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dc.contributor.authorCorkery, John M
dc.contributor.authorLoi, Barbara
dc.contributor.authorClaridge, Hugh
dc.contributor.authorGoodair, Christine
dc.contributor.authorSchifano, Fabrizio
dc.date.accessioned2019-10-11T00:12:37Z
dc.date.available2019-10-11T00:12:37Z
dc.date.issued2017-11-08
dc.identifier.citationCorkery , J M , Loi , B , Claridge , H , Goodair , C & Schifano , F 2017 , ' Deaths in the Lesbian, Gay, Bisexual and Transgender United Kingdom communities associated with GHB and precursors ' , Current Drug Metabolism , vol. 19 , no. 12 , pp. 1086-1099 . https://doi.org/10.2174/1389200218666171108163817
dc.identifier.issn1389-2002
dc.identifier.otherPURE: 12809752
dc.identifier.otherPURE UUID: 3ad58cbe-adba-4d58-80e4-8403f4f6692f
dc.identifier.otherPubMed: 29119924
dc.identifier.otherScopus: 85057287107
dc.identifier.urihttp://hdl.handle.net/2299/21731
dc.descriptionSubmitted 21 October 2016, Revised 5 May 2017, Accepted 8 October 2017, Published online 7 November 2017. Final prrofs and final version received 20 February 2019!!!!
dc.description.abstractBackground Misuse of gammahydroxybutrate (GHB) and its prodrugs gammabutyrolactone (GBL) and 1,4 butanediol (1,4-BD) has increased greatly since the early 1990s, particularly amongst lesbian, gay, bisexual and transgender (LGBT) individuals in recreational and sexual settings, e.g. 'chemsex'. Objective and method This paper presents an overview of GHB pharmacotoxicology and provides analyses of cases in the LGBT population associated with use of these substances extracted from the UK's National Programme on Substance Abuse Deaths database, to which notification is voluntary. Results From 1995 to September 2013, 21 GHB/GBL-associated fatalities were reported. None involved 1,4-BD. Typical victims were: Male (100%); White (67%), young (mean age 34 years); employed (90%); with a drug misuse history (81%). Most deaths were accidental (67%) or related to recreational drug use (19%), the remaining (potential) suicides. The majority of fatalities (83%) occurred in private residences, typically following recreational use; others occurred in specific 'gay'-oriented locales including clubs and saunas. Three London boroughs accounted for 62% of all notified deaths, reflecting the concentration of both resident and visiting 'gay' individuals. However, this may be an artefact of the voluntary nature of the data submission procedure in particular areas. GHB/GBL alone was implicated in 10% of fatalities. The following substances were implicated either alone or in combination in the remaining cases (percentages may add to more than 100%): cocaine (38%); alcohol (33%); amphetamines (29%); ecstasy (29%); diazepam (24%); ketamine (24%); mephedrone (24%). Post-mortem blood levels: mean 660 (range 22 - 2335; S.D. 726) mg/L. Conclusions Significant caution is needed when ingesting GHB/GBL, particularly with alcohol, benzodiazepines, stimulants, and ketamine. Risk of death is increased due to their CNS-depressant properties. Of these, 'chemsex' drugs such as cocaine, mephedrone and ketamine are of note. More awareness is needed in the 'gay' community about risks associated with the consumption of such substances.en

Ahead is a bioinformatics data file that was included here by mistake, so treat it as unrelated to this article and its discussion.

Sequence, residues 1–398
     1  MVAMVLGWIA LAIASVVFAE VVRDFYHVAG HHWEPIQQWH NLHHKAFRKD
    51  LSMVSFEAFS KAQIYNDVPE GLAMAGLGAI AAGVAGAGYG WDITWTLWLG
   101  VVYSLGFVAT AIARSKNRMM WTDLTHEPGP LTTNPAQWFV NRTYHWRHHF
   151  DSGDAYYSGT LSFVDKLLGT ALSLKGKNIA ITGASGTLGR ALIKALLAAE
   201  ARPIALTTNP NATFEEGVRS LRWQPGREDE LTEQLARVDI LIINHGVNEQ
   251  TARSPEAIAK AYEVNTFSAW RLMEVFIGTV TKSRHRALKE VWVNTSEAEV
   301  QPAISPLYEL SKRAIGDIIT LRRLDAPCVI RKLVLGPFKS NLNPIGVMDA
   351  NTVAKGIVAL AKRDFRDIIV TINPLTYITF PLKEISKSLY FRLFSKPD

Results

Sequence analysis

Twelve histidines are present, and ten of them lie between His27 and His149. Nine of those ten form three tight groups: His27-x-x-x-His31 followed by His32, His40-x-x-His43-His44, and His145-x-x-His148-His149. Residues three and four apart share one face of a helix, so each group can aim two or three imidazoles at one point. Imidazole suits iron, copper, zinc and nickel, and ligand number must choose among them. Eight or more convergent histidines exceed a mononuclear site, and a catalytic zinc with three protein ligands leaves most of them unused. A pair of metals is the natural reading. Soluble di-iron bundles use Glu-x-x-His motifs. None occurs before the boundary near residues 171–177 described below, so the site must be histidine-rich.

dc.format.extent14
dc.language.isoeng
dc.relation.ispartofCurrent Drug Metabolism
dc.subjectGHB
dc.subjectGBL
dc.subjectdeaths
dc.subjecttoxicity
dc.subjectLGBT community
dc.subjectUnited Kingdom (UK)
dc.titleDeaths in the Lesbian, Gay, Bisexual and Transgender United Kingdom communities associated with GHB and precursorsen
dc.contributor.institutionDepartment of Pharmacy, Pharmacology and Postgraduate Medicine
dc.description.statusPeer reviewed
dc.date.embargoedUntil2018-11-08
rioxxterms.versionAM
rioxxterms.versionofrecordhttps://doi.org/10.2174/1389200218666171108163817
rioxxterms.typeJournal Article/Review
herts.preservation.rarelyaccessedtrue


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